Following appointment, Seneca County IDA leaders blast board’s decision to ‘circumvent’ public process

At its regular meeting for the month of May on Tuesday the Seneca County Board of Supervisors moved to overwhelmingly choose the next member of the Seneca County Industrial Development Agency board.

A vacancy had become a point of contention among the supervisors- as the relationship between the IDA and Board of Supervisors grew strained.

Mary Anne Kowalski, a Romulus resident, who previously worked for Seneca County- and has a lengthy resume working for state agencies and serving on regional boards will join the IDA after getting 11-2 approval from the supervisors.

The Board had struggled with filling the vacancy, as IDA leadership wanted to conduct virtual interviews of candidates. The supervisors had also voiced frustration about the lack of ‘South County’ representation on the IDA board.

Board Chairman Bob Hayssen said earlier that he would only vote for a woman from the southern half of Seneca County. As it turned out- Kowalski was the only candidate that fulfilled those criteria.

The resolution was introduced by Seneca Falls Supervisor Mike Ferrara and seconded by Fayette Supervisor Cindy Lorenzetti. A roll-call vote was called for by Chairman Hayssen, during which only two members- Covert Supervisor Mike Reynolds and Junius Supervisor Ernie Brownell voted against the resolution.




Kowalski said she was surprised to learn that the Board had opted to choose her this quickly. “I was very surprised to find out that the Board of Supervisors had appointed me to the IDA last night,” she said on Wednesday. “I will work very hard to make sure that the incentives and tax benefits awarded advance the job opportunities and economic welfare of the people of Seneca County by actively promoting, encouraging and attracting economically sound commerce, industry and recreational opportunities. And, I promise to work with transparency, integrity and accountability.”

Fayette Supervisor Cindy Lorenzetti said in a call on Wednesday that she was happy with the outcome. “Seneca County gets a representative on the IDA board that cares about the community and will do her due diligence,” she said. “She has a proven track record.”

The appointment is a five-year term. The Board also briefly discussed the prospect of reviewing past appointment resolutions to determine if terms were part of them. Supervisor Hayssen indicated that moving forward- five-year terms be used as the standard applied to the posts.

In response to the supervisors decision- leaders from the IDA sent a letter to the Board condemning its choice.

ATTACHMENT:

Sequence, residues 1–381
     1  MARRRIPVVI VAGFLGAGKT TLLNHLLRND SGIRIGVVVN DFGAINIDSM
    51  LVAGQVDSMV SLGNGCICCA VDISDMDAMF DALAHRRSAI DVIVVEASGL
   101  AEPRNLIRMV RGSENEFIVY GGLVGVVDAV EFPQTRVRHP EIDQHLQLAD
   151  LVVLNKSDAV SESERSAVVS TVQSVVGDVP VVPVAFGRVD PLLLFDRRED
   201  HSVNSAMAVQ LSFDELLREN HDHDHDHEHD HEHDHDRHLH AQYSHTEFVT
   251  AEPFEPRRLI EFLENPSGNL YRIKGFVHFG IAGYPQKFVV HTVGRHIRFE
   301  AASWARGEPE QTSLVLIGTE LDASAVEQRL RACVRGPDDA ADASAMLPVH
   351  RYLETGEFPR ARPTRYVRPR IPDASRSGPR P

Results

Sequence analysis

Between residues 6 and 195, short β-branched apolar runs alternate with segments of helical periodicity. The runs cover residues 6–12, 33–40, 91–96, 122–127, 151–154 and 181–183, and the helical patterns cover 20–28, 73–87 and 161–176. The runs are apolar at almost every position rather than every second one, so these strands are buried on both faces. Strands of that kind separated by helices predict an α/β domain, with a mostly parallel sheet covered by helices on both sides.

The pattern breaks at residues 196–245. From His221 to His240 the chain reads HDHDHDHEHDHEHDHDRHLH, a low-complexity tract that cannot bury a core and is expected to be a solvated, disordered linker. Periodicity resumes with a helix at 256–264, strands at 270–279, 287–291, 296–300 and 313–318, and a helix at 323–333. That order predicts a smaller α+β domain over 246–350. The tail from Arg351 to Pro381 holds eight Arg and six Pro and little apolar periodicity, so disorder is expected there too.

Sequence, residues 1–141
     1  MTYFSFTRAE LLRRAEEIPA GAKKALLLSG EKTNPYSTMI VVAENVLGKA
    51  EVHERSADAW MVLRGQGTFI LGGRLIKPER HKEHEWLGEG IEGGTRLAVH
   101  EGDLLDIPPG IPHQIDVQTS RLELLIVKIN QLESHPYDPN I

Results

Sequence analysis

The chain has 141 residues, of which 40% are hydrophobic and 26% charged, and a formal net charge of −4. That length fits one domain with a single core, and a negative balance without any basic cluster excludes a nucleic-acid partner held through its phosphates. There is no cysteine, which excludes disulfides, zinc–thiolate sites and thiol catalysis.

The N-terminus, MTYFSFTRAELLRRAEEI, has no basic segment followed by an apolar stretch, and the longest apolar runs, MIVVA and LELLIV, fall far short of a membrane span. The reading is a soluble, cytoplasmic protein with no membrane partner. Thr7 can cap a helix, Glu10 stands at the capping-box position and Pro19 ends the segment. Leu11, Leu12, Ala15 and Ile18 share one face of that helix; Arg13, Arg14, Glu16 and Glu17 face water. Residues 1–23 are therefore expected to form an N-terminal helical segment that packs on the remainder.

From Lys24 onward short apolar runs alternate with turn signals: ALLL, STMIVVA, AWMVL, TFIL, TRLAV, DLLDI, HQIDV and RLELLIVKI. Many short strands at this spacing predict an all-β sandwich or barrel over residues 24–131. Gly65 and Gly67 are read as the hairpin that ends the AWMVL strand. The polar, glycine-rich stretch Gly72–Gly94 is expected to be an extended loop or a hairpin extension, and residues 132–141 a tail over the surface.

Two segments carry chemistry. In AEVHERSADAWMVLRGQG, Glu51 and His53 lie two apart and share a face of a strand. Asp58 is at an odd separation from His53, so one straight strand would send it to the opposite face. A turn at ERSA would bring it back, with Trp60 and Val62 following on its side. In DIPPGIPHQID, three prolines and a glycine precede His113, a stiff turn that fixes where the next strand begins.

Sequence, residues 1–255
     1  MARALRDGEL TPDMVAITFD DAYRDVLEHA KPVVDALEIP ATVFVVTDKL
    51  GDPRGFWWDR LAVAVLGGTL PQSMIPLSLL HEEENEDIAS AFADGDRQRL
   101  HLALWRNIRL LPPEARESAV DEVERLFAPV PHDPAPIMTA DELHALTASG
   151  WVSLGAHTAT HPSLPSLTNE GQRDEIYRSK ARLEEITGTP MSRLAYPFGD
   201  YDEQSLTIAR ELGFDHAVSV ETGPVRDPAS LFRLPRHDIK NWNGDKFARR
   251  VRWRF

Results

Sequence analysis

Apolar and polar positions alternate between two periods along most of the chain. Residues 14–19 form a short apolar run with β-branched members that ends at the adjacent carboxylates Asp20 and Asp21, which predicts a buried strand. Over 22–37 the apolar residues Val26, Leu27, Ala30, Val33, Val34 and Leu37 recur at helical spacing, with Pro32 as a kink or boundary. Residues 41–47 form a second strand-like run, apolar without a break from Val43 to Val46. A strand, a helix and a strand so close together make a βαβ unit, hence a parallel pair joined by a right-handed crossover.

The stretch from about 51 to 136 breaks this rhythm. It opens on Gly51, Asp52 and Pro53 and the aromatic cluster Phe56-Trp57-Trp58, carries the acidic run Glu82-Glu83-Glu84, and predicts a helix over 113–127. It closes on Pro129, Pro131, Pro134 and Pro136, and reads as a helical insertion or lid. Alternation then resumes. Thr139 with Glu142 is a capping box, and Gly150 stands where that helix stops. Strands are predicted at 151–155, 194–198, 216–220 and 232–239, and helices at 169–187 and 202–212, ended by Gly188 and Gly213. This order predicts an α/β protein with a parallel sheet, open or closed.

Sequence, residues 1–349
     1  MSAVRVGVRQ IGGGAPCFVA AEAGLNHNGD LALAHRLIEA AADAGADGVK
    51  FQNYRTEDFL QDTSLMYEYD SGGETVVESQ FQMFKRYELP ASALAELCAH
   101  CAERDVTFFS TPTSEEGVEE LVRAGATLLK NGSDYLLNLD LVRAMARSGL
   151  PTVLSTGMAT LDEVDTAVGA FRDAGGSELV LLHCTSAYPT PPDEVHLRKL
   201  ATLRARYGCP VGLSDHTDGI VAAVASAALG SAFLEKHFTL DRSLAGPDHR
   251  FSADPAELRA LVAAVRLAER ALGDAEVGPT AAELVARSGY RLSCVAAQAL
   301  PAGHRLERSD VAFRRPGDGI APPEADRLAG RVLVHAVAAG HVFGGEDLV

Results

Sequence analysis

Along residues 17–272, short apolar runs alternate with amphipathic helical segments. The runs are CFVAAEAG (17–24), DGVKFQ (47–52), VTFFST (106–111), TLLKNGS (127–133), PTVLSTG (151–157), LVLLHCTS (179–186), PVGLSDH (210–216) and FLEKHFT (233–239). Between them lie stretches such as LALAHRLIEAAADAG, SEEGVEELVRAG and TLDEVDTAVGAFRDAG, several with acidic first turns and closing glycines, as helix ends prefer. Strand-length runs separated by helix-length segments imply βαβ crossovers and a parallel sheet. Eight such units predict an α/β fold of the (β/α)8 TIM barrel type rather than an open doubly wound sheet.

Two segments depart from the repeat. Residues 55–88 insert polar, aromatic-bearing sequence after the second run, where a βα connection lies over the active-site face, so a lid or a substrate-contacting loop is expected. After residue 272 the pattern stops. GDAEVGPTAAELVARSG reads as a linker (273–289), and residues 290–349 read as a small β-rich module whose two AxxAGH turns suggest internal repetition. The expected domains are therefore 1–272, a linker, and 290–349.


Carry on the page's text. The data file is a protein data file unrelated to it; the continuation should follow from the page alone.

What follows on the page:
The letter can be read in-full below:

Dear Seneca County Board of Supervisors,

We are deeply concerned by the Board’s decision to use Rule 29 to circumvent the public process for selecting candidates for the IDA Board.

Five candidates applied for the vacancy in response to the public notice that was put out in our local newspapers. The IDA, in consultation with Supervisor Barnhart, put together an interview committee consisting of 4 members of the Board of Supervisors and 3 members of the IDA Board. The group was set to interview all 5 candidates in-person in the Board of Supervisors conference room on May 17th and 19th.

The Board of Supervisors’ decision to flagrantly disregard the established process and proceed with appointing a candidate on May 11th without having conducted any interviews is unacceptable. You have done a disservice to the businesses and people you are elected to serve.

Many years ago, the IDA, with assistance from the Board of Supervisors, took steps to make the interview and appointment process more open and transparent to the public. Your actions last night fly in the face of that progress and discourage public participation in our county’s economic development.

Moreover, your last-minute decision to confirm the appointment without providing any advance notice or explanation thereafter to the IDA makes it clear that the Board of Supervisors is not willing to work with partners for the betterment of the community.

We once again ask the Board of Supervisors to participate in an open, public IDA Board appointment process in the future, which has always been in the best interests of the community and the businesses we serve.

Regards,

Sarah Davis, Executive Director & Steve Brusso, Chairman of the Board

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